Fish ID?

Discussion in 'Fly Fishing Forum' started by Cedar, Aug 30, 2012.

  1. This fish is from a steam/lake on the east slope of the Cascades. The lake is at about 7000'. I was thinking that it was a Westslope Cutthroat but as I got to thinking about it the spots dip too far below the lateral line and I think they are too big. I also can't remember ever coming across an adult Westslope with parr marks. photo.JPG
  2. Shoulda cropped out the treble hook. People are gonna give you hell
  3. Never said I was the one that caught it. A buddy caught it. I'm going backpacking this weekend to fish the stream that he pulled this one out of.
  4. That's one pretty fish man good luck On your trip
  5. Think Golden.
  6. I vote for Twin Lakes cutthroat aka the westslope
  7. mountain cutthroat trout
  8. Interesting photo. The cutthroat would appear to be in its spawning coloration, definitely odd at this time of the year since cutthroat are spring spawners. Perhaps the elevation of the lake and subsequent low temperatures have pushed the spawning season into summer.

    To me the spotting pattern appears to be typical of a westslope cutthroat with its "arc-shaped area from anal fin to pectoral usually without spots." Behnke also notes that "Some populations of westslope cutthroat have spots much larger than those of typical westslope populations. The John Day River drainage of Oregon and some eastern-slope streams of the Cascade Range in Washington contain westslope cutthroat trout with larger spots that are comparable to the size and shape of spots on typical Yellowstone cutthroat trout."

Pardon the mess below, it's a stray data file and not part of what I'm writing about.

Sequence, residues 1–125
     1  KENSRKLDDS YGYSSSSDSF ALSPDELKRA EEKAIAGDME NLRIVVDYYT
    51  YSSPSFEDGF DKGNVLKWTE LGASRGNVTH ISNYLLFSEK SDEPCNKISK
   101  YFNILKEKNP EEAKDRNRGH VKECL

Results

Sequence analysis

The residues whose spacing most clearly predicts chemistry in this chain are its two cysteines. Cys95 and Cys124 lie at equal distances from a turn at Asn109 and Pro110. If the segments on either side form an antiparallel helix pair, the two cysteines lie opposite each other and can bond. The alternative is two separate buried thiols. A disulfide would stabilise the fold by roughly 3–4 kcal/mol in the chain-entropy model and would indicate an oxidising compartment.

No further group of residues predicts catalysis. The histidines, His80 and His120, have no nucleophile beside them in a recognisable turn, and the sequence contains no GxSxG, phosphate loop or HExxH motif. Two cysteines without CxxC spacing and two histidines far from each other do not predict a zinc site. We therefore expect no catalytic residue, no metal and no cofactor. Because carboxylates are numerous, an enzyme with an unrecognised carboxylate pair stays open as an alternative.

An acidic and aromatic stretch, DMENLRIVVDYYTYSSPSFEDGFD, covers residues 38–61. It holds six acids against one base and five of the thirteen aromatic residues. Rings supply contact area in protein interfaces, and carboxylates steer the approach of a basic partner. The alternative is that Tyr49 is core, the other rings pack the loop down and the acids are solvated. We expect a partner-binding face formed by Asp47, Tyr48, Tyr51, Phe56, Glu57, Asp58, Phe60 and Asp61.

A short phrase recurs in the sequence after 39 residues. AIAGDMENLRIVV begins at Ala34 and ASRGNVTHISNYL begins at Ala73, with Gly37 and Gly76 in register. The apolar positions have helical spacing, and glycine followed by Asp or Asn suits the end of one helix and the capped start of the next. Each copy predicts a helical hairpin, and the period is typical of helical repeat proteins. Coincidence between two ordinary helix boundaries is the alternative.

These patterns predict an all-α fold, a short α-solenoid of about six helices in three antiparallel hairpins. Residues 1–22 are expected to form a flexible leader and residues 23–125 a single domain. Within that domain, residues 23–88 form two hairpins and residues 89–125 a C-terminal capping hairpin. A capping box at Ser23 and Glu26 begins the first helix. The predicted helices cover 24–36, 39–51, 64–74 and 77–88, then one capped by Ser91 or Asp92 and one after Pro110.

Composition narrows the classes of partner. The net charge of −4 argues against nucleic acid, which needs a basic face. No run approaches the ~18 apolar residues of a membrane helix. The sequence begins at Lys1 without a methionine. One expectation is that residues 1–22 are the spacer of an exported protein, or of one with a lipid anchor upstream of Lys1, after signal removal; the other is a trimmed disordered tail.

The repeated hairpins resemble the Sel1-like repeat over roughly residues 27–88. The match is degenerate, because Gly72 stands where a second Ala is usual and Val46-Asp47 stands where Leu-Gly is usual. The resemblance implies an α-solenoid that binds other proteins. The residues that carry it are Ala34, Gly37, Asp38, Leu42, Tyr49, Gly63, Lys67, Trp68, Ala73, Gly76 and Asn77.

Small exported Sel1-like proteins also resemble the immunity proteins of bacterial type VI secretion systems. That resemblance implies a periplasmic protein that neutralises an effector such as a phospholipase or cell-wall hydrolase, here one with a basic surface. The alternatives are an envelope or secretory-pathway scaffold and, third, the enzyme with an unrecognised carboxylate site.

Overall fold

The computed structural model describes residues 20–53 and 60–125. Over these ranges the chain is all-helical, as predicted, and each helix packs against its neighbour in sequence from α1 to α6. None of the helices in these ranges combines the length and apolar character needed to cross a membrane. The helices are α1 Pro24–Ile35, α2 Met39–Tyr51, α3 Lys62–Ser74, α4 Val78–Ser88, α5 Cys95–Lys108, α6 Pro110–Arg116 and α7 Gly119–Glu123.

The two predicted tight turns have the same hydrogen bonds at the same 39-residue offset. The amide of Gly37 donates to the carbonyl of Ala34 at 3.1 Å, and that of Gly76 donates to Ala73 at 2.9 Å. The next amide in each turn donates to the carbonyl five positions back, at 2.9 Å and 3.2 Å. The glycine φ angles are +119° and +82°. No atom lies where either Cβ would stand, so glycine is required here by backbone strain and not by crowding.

As to parr marks; they are usually prominent in juvenile fish but are reduced or absent in adults.
  9. Friends don't let Friends fish Treble Hooks.....
    mwdehaan and Cedar like this.
  10. west slope cutthroat via WDFW's Twin Lake brood stock.

    Preston -
    Spring comes pretty late at 7,000 feet; especially with this year's snow pack - those alpine lake cutthroat (and rainbows) spawn after ice off - their spring.

  11. Interesting....The coloration is part of what threw me off. I never considered how late sprig occurs at 7000'. The pic is from late July so I guess that is feasible. Either way I'm leaving tomorrow morning to go play in the mountains for a while.

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